397 way to gain confidence into the formal model is to run simple simulations

398 (see \secref{sec:unix-examples}), and check the results with that of

399 experiments performed on a real Unix system.

400 \<close>

403 subsection \<open>Basic properties of single transitions \label{sec:unix-single-trans}\<close>

405 text \<open>

406 The transition system \<open>root \<midarrow>x\<rightarrow> root'\<close> defined above determines a unique

407 result @{term root'} from given @{term root} and @{term x} (this is holds

408 rather trivially, since there is even only one clause for each operation).

409 This uniqueness statement will simplify our subsequent development to some

410 extent, since we only have to reason about a partial function rather than a

411 general relation.

412 \<close>

414 theorem transition_uniq:

415 assumes root': "root \<midarrow>x\<rightarrow> root'"

416 and root'': "root \<midarrow>x\<rightarrow> root''"

417 shows "root' = root''"

418 using root''

419 proof cases

420 case read

421 with root' show ?thesis by cases auto

422 next

423 case "write"

424 with root' show ?thesis by cases auto

425 next

426 case chmod

427 with root' show ?thesis by cases auto

428 next

429 case creat

430 with root' show ?thesis by cases auto

431 next

432 case unlink

433 with root' show ?thesis by cases auto

434 next

435 case mkdir

436 with root' show ?thesis by cases auto

437 next

438 case rmdir

439 with root' show ?thesis by cases auto

440 next

441 case readdir

442 with root' show ?thesis by cases blast+

443 qed

445 text \<open>

446 \<^medskip>

447 Apparently, file-system transitions are \<^emph>\<open>type-safe\<close> in the sense that the

448 result of transforming an actual directory yields again a directory.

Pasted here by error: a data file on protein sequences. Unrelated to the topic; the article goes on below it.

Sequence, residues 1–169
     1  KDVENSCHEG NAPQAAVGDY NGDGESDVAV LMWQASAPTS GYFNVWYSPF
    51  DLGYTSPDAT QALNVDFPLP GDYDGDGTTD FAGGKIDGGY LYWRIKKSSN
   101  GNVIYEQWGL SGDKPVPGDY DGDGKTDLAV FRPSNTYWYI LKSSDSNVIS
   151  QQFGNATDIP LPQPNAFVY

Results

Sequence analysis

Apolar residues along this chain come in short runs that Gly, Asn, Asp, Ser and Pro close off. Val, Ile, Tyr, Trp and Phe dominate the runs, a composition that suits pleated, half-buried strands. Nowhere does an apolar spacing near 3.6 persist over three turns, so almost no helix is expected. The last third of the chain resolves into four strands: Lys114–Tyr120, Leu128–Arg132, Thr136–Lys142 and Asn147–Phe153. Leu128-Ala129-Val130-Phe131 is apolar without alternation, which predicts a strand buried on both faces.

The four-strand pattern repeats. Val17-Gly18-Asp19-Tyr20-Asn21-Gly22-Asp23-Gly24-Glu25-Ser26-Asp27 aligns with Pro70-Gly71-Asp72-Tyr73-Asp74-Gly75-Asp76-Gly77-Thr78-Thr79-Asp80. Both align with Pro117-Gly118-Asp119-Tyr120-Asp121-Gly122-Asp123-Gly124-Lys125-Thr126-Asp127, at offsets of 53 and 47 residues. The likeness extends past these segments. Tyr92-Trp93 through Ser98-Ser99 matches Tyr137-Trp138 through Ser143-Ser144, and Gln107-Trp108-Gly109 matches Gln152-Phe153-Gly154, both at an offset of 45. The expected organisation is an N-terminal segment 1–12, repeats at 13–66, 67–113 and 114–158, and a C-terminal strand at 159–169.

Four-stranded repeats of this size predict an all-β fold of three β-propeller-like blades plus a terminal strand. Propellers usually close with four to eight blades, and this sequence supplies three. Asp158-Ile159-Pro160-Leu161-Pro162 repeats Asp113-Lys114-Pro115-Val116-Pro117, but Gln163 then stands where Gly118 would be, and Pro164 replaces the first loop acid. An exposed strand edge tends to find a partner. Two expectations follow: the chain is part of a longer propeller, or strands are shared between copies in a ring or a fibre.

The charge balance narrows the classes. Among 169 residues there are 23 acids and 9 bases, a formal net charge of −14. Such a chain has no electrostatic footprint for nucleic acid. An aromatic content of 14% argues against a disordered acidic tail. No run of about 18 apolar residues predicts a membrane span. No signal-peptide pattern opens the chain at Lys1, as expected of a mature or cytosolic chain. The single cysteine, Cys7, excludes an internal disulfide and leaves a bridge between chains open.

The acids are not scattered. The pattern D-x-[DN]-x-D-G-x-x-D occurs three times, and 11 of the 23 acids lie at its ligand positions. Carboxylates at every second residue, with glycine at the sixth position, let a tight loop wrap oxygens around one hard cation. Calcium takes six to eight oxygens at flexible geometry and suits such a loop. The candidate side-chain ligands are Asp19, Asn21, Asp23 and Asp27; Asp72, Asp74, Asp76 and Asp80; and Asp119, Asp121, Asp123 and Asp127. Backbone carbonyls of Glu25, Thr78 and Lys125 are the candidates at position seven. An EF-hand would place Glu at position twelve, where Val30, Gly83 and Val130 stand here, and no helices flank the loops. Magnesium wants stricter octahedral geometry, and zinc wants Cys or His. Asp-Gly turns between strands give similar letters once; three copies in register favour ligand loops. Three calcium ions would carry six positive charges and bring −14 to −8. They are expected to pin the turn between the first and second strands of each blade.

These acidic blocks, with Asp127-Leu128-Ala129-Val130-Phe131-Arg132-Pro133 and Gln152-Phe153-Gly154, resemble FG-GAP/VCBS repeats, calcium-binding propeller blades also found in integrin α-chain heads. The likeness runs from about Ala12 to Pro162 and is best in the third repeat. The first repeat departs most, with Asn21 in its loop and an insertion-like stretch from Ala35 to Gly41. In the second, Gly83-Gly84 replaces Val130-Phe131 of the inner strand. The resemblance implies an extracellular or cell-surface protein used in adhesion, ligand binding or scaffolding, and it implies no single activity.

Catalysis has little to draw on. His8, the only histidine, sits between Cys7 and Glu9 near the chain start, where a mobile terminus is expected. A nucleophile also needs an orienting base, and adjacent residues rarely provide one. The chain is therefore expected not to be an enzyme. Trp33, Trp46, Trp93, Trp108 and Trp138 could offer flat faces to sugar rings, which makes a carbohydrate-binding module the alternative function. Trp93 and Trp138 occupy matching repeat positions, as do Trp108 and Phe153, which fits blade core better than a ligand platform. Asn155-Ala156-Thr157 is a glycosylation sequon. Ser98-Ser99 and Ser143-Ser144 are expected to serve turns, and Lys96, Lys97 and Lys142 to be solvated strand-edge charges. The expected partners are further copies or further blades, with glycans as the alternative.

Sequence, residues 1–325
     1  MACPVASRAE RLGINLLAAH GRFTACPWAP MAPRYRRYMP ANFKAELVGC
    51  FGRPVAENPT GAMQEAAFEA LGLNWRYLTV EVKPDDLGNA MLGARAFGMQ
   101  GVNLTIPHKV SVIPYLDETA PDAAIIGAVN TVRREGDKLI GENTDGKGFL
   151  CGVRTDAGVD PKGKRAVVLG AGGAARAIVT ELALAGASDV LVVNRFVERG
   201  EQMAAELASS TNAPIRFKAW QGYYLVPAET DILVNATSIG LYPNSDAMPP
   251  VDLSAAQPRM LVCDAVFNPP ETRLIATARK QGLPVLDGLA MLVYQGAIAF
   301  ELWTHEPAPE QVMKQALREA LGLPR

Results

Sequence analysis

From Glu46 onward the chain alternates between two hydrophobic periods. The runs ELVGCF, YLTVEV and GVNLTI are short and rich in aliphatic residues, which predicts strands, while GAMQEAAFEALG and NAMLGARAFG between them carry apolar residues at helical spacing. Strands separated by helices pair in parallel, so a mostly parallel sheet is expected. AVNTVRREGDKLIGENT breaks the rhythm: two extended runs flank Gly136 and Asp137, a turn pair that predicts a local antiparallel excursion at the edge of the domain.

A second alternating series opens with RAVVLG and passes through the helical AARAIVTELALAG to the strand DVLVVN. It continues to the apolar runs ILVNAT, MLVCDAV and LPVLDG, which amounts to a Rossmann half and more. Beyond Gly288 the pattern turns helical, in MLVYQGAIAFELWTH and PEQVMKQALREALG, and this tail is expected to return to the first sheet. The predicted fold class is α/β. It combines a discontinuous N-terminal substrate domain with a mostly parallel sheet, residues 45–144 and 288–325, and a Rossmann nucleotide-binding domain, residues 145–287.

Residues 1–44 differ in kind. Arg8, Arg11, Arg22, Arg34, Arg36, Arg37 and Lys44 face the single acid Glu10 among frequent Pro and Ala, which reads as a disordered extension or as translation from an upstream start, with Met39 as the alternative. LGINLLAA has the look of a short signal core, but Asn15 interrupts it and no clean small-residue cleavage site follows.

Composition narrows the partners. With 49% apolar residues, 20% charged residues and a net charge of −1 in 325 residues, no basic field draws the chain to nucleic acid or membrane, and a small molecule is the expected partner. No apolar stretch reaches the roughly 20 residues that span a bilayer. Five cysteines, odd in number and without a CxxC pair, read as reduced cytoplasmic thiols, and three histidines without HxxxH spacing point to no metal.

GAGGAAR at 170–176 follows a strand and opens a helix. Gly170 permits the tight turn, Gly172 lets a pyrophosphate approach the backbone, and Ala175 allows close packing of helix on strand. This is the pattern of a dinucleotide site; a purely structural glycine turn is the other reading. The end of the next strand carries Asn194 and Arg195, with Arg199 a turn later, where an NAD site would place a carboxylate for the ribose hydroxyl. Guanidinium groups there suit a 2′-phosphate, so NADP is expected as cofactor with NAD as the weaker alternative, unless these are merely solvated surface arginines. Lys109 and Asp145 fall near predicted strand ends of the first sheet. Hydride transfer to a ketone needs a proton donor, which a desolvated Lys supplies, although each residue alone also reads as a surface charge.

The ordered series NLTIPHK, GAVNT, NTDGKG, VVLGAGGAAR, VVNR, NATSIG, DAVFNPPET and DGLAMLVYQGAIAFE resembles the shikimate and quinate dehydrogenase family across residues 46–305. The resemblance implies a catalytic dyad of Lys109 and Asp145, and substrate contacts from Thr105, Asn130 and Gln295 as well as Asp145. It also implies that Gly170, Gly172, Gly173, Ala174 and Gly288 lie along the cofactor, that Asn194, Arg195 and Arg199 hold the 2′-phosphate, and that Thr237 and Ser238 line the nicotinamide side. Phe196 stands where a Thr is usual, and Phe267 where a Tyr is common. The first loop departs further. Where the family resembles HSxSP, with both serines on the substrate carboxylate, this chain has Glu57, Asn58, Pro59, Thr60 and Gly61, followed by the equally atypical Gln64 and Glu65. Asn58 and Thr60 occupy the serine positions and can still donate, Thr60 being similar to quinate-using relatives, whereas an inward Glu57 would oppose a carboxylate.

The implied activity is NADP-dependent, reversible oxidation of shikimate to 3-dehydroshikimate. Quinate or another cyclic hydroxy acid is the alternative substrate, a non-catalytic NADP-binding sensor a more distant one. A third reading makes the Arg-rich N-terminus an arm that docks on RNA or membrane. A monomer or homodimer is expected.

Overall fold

449 \<close>

451 theorem transition_type_safe:

452 assumes tr: "root \<midarrow>x\<rightarrow> root'"

453 and inv: "\<exists>att dir. root = Env att dir"

454 shows "\<exists>att dir. root' = Env att dir"

455 proof (cases "path_of x")

456 case Nil

457 with tr inv show ?thesis

458 by cases (auto simp add: access_def split: if_splits)

459 next

460 case Cons

461 from tr obtain opt where

462 "root' = root \<or> root' = update (path_of x) opt root"

463 by cases auto

464 with inv Cons show ?thesis

465 by (auto simp add: update_eq split: list.splits)

466 qed

468 text \<open>

469 The previous result may be seen as the most basic invariant on the

470 file-system state that is enforced by any proper kernel implementation. So

471 user processes --- being bound to the system-call interface --- may never

472 mess up a file-system such that the root becomes a plain file instead of a

473 directory, which would be a strange situation indeed.

474 \<close>

477 subsection \<open>Iterated transitions\<close>

479 text \<open>

480 Iterated system transitions via finite sequences of system operations are

481 modeled inductively as follows. In a sense, this relation describes the

482 cumulative effect of the sequence of system-calls issued by a number of

483 running processes over a finite amount of time.

484 \<close>

486 inductive transitions :: "file \<Rightarrow> operation list \<Rightarrow> file \<Rightarrow> bool"

487 ("_ =_\<Rightarrow> _" [90, 1000, 90] 100)

488 where

489 nil: "root =[]\<Rightarrow> root"

490 | cons: "root \<midarrow>x\<rightarrow> root' \<Longrightarrow> root' =xs\<Rightarrow> root'' \<Longrightarrow> root =(x # xs)\<Rightarrow> root''"

492 text \<open>

493 \<^medskip>

494 We establish a few basic facts relating iterated transitions with single

495 ones, according to the recursive structure of lists.

496 \<close>

498 lemma transitions_nil_eq: "root =[]\<Rightarrow> root' = (root = root')"

499 proof

500 assume "root =[]\<Rightarrow> root'"

501 then show "root = root'" by cases simp_all

502 next

503 assume "root = root'"

504 then show "root =[]\<Rightarrow> root'" by (simp only: transitions.nil)

505 qed

507 lemma transitions_cons_eq:

508 "root =(x # xs)\<Rightarrow> root'' = (\<exists>root'. root \<midarrow>x\<rightarrow> root' \<and> root' =xs\<Rightarrow> root'')"

509 proof

510 assume "root =(x # xs)\<Rightarrow> root''"

511 then show "\<exists>root'. root \<midarrow>x\<rightarrow> root' \<and> root' =xs\<Rightarrow> root''"

512 by cases auto

513 next

514 assume "\<exists>root'. root \<midarrow>x\<rightarrow> root' \<and> root' =xs\<Rightarrow> root''"